- In urban areas, in addition to data protection, security during drone missions naturally has the highest priority. Nobody wants a drone and its cargo to crash uncontrollably and endanger human lives. The drone must perform its transport task reliably without restricting or even endangering traffic on the ground or in the air.
- Reliability must go so far as to ensure that unintentional interference with the control system is not possible.
- With the increasing number of drone missions, the air traffic of the drones must also be controlled and regulated by a UTM (Unmanned Aircraft System Traffic Management).
- An infrastructure must be created for drone deliveries since drones require a landing site. It is conceivable to have fixed landing sites distributed throughout the city, because not every house roof is accessible to the residents or suitable to serve as a drone landing site. Fixed landing sites must be made accessible to every receiver, but at the same time, they have to be safe against abuse.
Flight Automation and Planning
Autonomous flights require a large number of sensors and systems in order to master the challenges mentioned above. In addition to a fast, secure communications standard (5G network), the establishment of airspace control in the range below 100 m (~330 ft) is indispensable for drone missions. The flights must be able to be displayed in real time in order to prevent possible collisions with other aircraft and to be able to initiate emergency landings if necessary.
Furthermore, the routes of these flights must be planned in such a way that rules and laws are respected. However, the route planning process can be very complex and takes a lot of time if it must be created manually for each individual flight.
We at FlyNex believe that in the near future it will be possible to carry out regular drone flights in an urban environment. We offer companies the possibility to plan their flights with our software solution HORIZON. These flights can be stored in projects and can be recalled and changed again and again. Our map material is derived from more than 165 valid, official sources. With the help of our software, a flight plan including all rules and regulations on the route can be created in the shortest possible time. This flight plan can then be made available to the legislator for a flight permit.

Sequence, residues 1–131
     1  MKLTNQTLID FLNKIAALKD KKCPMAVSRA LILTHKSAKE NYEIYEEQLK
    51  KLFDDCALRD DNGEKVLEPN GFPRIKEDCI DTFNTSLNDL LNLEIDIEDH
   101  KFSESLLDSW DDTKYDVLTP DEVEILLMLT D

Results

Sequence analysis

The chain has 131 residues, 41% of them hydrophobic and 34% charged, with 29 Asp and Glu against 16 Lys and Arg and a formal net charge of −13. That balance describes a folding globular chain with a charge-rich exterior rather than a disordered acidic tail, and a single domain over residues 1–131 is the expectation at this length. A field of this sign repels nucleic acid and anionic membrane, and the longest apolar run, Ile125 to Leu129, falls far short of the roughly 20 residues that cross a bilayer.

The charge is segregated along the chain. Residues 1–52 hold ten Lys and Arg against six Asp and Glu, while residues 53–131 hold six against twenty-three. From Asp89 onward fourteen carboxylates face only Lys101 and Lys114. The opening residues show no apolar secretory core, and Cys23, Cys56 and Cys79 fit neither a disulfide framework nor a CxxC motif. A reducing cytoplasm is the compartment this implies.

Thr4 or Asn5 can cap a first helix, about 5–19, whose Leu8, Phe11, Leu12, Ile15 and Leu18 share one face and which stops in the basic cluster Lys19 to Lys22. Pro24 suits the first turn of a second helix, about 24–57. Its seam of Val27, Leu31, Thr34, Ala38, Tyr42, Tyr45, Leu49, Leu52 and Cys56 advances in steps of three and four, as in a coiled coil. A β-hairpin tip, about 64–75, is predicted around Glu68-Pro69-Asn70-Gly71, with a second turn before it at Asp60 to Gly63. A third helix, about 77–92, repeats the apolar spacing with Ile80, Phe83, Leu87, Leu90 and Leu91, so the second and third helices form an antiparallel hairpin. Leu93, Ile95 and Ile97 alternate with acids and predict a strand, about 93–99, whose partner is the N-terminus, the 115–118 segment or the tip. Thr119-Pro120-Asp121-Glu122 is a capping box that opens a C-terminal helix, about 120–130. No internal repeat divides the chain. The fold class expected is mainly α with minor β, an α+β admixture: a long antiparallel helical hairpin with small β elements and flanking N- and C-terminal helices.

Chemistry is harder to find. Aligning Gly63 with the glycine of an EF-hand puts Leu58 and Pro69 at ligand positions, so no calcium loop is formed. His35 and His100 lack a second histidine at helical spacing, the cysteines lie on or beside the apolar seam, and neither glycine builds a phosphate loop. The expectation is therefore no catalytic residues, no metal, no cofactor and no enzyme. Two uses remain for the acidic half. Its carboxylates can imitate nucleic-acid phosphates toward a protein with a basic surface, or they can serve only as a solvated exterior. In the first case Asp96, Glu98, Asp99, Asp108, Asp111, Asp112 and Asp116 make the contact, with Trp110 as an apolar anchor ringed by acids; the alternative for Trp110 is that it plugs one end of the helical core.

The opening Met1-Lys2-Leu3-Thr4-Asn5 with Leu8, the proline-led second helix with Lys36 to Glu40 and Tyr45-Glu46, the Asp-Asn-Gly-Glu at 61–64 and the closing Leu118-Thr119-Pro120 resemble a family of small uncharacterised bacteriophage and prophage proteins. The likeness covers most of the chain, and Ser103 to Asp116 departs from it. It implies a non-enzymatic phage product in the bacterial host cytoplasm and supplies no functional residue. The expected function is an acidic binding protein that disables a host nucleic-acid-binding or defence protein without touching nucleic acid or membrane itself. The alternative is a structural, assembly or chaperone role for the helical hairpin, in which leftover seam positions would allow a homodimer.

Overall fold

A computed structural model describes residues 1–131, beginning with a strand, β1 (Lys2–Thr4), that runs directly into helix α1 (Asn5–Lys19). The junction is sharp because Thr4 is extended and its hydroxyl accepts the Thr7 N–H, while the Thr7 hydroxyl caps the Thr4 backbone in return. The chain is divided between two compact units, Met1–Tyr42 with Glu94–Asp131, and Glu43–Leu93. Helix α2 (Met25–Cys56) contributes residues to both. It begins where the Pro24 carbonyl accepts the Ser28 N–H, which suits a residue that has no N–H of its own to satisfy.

HORIZON is our project management solution where you can create and share flights, fleets, and projects. The geodata used in it is also contained in our GEOSPHERE solution. This is API-enabled and can, therefore, be integrated into a future UTM.
We are convinced that the vision of (delivery) drones and air taxis in densely populated urban areas can only be realized when a functioning UTM is available. In less densely populated areas, as in the Australian case mentioned above, but also in several locations in Africa, drones are already being used successfully for transport. However, the densely populated airspace in a large city presents a completely different challenge for flight planning and risk assessment.
We are proud to say that we can already offer the geodata required for use in urban German airspace in all our solutions.
We are eager to see how the topic of drones is being researched and developed around the world and are particularly pleased with the first approval of regular UAV traffic in Australia. We would like to see this development in Germany soon and are therefore working hard on our software so that it can play a part in this big undertaking.
We are already looking forward to the first order, which will be delivered to us by a drone.
The FlyNex Team